He reduced debt and reformed the Senate by increasing its size and opening it to the common people.


He revised the Roman calendar to 365 days and restructured local government. He gave citizenship to a few foreigners. Being a wise and tolerant man, Caesar even invited some old opponents to join the government.


At the same time, Caesar was also very careful in consolidating power. He brought many allies into the Senate and asked them to show respect. In council meetings, he had to be the first to speak and the Roman coins must be engraved with his face.


Painful assassination


As Caesar rose to power, he began to be envied and opposed by some members of the Senate.


At the age of 55, Caesar was brutally assassinated. Two senators stabbed him 23 times. Brave to the very end, Caesar said: "It is better to die once than to live constantly in fear of death."


His assassins were later killed and Caesar became the first Roman figure to be sanctified. The Senate gave him the title "The Divine Julius" two years later.


Picture illustrating Caesar's assassination

November 02, 2021 — Phung Mai
Cleopatra - A Cunning Queen Exploiting Men For Power Or A Rare Political Genius?

Cleopatra - A Cunning Queen Exploiting Men For Power Or A Rare Political Genius?

Cleopatra was the last ruler of the Ptolemaic dynasty. The Ptolemaic dynasty was descended from Alexander the Great of Macedon and was also the last dynasty of ancient Egypt after nearly 300 years of rule.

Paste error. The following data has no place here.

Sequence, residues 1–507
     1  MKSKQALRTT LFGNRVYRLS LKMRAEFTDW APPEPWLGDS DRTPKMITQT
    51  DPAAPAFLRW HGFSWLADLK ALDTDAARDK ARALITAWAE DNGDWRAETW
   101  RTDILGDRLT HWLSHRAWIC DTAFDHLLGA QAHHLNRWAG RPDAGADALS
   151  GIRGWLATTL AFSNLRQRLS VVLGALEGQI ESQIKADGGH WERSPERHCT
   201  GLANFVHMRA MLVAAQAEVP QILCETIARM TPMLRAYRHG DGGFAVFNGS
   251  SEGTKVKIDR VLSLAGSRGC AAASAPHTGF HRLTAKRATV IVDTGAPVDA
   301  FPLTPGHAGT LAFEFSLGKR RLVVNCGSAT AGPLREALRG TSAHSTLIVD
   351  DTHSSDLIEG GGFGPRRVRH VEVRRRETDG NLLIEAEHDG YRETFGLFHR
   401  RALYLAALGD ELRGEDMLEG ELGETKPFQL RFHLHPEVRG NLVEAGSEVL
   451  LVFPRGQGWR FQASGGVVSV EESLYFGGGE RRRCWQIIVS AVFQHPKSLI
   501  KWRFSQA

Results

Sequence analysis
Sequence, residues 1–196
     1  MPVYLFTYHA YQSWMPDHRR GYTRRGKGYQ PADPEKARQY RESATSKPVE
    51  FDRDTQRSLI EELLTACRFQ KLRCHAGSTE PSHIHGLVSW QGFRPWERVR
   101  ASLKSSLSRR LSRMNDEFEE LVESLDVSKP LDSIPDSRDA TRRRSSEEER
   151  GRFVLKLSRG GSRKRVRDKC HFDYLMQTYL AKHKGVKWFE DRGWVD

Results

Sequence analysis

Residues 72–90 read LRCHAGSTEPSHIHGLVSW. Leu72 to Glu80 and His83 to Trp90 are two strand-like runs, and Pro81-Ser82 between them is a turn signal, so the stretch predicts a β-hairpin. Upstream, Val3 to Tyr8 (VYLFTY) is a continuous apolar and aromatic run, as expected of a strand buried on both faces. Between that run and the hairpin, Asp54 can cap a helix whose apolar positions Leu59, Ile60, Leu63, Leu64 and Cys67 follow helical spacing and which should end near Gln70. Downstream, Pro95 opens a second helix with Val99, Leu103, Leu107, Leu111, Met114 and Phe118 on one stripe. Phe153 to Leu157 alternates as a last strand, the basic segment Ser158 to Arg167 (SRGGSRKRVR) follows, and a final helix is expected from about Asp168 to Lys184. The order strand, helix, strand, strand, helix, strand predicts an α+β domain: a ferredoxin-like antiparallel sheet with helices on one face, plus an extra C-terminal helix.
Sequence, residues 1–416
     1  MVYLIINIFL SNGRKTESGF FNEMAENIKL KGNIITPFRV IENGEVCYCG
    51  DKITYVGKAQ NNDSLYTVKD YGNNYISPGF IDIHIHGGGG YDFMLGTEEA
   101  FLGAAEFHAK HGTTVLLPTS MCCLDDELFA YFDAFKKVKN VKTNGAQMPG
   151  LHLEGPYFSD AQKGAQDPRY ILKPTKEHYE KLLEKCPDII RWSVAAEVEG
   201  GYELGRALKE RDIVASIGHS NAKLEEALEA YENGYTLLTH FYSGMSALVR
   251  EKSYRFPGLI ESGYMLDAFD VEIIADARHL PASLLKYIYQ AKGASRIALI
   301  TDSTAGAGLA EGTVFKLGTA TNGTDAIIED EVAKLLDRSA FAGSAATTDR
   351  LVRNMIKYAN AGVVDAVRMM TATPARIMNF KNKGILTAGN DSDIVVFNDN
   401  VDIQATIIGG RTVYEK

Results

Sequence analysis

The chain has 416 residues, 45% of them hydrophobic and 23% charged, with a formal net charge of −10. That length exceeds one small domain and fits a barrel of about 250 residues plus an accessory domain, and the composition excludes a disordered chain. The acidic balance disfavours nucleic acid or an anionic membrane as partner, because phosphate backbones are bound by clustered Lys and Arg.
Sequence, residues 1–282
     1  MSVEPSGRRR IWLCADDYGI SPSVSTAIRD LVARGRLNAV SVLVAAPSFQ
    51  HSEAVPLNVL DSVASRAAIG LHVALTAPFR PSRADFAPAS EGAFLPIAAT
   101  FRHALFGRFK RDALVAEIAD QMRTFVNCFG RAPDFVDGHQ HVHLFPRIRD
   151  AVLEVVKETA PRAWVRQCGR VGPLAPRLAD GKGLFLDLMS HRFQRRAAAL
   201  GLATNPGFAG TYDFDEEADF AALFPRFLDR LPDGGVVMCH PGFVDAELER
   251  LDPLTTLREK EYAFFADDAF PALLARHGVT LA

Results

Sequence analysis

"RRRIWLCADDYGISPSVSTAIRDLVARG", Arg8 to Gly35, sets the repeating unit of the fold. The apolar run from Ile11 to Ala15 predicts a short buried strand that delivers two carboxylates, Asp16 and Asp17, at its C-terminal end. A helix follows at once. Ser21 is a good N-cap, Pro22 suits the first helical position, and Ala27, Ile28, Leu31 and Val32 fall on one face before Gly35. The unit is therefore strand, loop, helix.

Cleopatra was famous for her beauty and charm. That's why many people seem to forget that Cleopatra was first a ruler, an Egyptian queen, and then a beautiful woman. Cleopatra became queen at the age of 18 in a state of great turmoil. In order to protect her country and people, Cleopatra was forced to use all necessary skills and tricks, one of which was to win the hearts and rely on the support of powerful men.


According to history books, Cleopatra's natural beauty was not breathtaking, but she knew how to take care of herself and especially the ability to seduce men.


Cleopatra was born in 69 or 70 BC, the daughter of pharaoh Ptolemy XII. After the death of Ptolemy XII, Cleopatra was the rightful successor to the throne. Since Egypt would never accept a woman as supreme, Cleopatra and her brother King Ptolemy XIII married and ascended the throne as co-rulers.


Not long after, the two had a disagreement. A bloody civil war broke out in Egypt. In 49 BC, Ptolemy XIII overthrew Cleopatra, forcing the queen to flee to Syria. Cleopatra spent a year here organizing her own army and returning to Egypt. This is also the moment when Julius Caesar entered the life of this most famous queen in history.


Cleopatra tested poison on convicted prisoners. Painting by Alexandre Cabanel, 1887


When civil war broke out in Rome, military leader Pompey the Great fled to Egypt in hopes of finding support to defeat his rival Julius Caesar.


At first, Ptolemy XIII pretended to accept Pompey's request. While Pompey was distracted, Ptolemy XIII killed Pompey and beheaded him in order to please Julius Ceasar. However, instead of rejoicing, Julius Caesar felt disgust and contempt for Ptolemy XIII's actions.


Cleopatra took this opportunity to meet him privately and ingratiate herself with Julius Caesar. The queen surprised Caesar by being naked and curled up in a rug, and then sent her servants to take her to Caesar's room. Some historians consider this to be an exaggeration, as Cleopatra merely wore a veil when she went to see Caesar.